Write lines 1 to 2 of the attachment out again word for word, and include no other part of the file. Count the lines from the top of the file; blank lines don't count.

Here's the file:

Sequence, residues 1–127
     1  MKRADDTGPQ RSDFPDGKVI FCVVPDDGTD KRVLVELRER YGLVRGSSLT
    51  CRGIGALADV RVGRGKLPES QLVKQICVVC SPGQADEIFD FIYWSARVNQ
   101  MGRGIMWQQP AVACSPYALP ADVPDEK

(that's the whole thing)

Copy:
Sequence, residues 1–127
     1  MKRADDTGPQ RSDFPDGKVI FCVVPDDGTD KRVLVELRER YGLVRGSSLT